Today is the global deadline for analogue switch-off as per the International Communications Union (ITU) Geneva 2006 Agreement. All nations will at 23:59 hours switch to digital signal. It marks a very important milestone in the development of the broadcasting industry in Kenya. It is not the end of an era as such, but the new beginning for the ICT sector in our country.

 “From 9th December 2009 when the Government launched digital broadcasting service in Kenya, we have faced many challenges and have had to overcome many hurdles mainly legal ones in the High Court, Court of Appeal and the Supreme Court,” says ICT Cabinet Secretary, Dr Fred Matiang’i. “We have come a long way but I am glad that we have embraced digital migration. But what is more important to note is that these challenges have not been unique to Kenya as many countries continue to deal with similar issues on their path to full digital TV broadcasting.”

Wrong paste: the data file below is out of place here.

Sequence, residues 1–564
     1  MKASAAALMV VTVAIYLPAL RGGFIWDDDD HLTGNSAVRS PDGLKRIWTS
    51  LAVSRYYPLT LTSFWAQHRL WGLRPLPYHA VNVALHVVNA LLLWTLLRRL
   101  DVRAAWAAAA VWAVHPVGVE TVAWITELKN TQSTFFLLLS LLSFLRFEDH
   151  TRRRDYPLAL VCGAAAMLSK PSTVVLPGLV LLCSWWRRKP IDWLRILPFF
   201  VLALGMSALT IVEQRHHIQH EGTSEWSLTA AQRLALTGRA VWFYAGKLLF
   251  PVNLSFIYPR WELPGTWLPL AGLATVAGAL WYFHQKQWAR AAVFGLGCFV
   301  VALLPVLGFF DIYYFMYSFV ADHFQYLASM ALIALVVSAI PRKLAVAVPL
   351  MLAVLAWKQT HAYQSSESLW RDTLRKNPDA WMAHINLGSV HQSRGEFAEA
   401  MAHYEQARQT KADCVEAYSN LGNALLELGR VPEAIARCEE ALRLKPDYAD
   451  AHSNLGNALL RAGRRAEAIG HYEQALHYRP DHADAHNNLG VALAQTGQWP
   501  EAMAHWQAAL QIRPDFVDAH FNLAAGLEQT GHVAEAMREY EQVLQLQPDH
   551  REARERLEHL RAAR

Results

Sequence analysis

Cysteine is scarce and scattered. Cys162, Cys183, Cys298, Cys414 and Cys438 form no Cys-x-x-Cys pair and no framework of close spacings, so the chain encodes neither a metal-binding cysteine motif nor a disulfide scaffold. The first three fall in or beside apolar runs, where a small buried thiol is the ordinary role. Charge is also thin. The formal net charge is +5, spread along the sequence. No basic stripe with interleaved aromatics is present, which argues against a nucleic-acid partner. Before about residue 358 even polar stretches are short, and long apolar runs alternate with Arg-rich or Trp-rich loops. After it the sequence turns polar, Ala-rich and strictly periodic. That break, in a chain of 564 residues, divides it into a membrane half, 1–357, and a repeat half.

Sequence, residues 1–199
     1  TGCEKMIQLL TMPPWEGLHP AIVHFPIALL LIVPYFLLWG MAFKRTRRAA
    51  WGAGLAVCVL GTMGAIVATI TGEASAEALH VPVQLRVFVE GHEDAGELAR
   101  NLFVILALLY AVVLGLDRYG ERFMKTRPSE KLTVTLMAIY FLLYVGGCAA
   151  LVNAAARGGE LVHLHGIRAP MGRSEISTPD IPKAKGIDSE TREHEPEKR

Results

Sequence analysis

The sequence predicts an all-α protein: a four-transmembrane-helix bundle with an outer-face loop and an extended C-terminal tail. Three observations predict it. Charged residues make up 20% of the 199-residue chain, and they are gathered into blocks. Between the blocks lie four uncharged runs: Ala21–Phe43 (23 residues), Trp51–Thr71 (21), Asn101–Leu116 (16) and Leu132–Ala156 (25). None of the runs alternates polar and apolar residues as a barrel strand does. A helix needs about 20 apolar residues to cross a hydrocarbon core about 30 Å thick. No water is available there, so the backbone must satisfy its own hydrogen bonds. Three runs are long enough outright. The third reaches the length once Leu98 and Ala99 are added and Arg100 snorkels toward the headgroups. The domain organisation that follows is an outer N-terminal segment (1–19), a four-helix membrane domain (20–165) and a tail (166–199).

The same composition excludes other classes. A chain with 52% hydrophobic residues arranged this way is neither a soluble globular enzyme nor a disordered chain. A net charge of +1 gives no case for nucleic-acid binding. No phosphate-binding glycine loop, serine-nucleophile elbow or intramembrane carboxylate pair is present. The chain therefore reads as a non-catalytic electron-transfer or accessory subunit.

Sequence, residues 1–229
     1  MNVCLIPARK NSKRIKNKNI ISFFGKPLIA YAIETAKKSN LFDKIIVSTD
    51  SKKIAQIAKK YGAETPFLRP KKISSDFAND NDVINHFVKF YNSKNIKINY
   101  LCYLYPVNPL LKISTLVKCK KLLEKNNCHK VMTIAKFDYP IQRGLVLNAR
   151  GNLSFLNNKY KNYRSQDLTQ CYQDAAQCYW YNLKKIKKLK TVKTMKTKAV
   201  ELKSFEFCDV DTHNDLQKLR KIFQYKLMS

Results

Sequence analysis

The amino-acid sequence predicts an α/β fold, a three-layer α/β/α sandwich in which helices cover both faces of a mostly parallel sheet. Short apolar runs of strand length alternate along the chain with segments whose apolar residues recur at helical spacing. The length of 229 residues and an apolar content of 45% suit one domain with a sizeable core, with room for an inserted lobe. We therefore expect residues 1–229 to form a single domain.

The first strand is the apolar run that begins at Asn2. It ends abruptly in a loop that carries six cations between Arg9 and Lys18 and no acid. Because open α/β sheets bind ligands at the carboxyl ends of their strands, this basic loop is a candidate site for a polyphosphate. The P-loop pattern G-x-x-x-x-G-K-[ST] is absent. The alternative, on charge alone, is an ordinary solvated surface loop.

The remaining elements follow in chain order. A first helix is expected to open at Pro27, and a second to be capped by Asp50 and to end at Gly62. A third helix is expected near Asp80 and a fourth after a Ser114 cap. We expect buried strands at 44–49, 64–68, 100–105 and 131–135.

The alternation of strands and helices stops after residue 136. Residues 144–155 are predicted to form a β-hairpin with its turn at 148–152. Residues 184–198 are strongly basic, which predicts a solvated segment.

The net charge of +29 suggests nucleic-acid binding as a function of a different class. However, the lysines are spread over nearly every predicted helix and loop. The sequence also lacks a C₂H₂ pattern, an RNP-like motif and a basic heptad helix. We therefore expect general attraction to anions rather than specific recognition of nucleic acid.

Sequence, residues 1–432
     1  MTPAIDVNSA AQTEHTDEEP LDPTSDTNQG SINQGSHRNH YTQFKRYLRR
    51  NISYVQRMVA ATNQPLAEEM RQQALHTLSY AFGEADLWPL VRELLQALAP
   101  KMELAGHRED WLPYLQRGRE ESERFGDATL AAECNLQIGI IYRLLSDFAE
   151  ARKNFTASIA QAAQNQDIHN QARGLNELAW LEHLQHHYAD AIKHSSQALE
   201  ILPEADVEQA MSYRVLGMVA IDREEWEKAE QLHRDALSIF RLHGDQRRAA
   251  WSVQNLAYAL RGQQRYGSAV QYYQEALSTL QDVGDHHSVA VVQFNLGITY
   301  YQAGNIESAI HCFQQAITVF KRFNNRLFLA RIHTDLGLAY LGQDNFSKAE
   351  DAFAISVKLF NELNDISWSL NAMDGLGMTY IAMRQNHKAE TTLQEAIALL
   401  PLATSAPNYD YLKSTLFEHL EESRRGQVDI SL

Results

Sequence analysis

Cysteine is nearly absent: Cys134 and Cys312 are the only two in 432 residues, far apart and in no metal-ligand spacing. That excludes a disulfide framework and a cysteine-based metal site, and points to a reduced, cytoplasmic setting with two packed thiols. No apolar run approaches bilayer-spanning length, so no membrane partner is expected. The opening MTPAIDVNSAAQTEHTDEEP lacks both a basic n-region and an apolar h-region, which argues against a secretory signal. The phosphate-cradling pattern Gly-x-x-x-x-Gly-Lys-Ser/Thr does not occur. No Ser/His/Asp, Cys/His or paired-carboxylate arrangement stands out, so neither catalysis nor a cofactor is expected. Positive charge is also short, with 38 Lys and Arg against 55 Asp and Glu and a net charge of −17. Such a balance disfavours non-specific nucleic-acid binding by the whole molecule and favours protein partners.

He adds: “Financial constraints, lack of political will and resistance to change have decked many jurisdictions and we are glad that we have managed to overcome our share of these challenges and as we celebrate the success of the cross-over, let us now focus on the benefits we can harness from digital broadcasting.”

As the country witnesses the end of analogue broadcasting era and enter a fully digital broadcasting era, the media and entertainment industry is undergoing a seismic shift. From a constricted space of a few analogue broadcasters with limited content offerings, there are over 40 broadcasters with an ever increasing varieties of content offering and the consumer is getting spoilt for choice.

More than 2.2 million households enjoy the benefits of digital television because they own a set top box. Many more continue to cross the bridge with more than 3.2 million set top boxes having been imported into the country. As demand goes up, the industry can only but makes gains.


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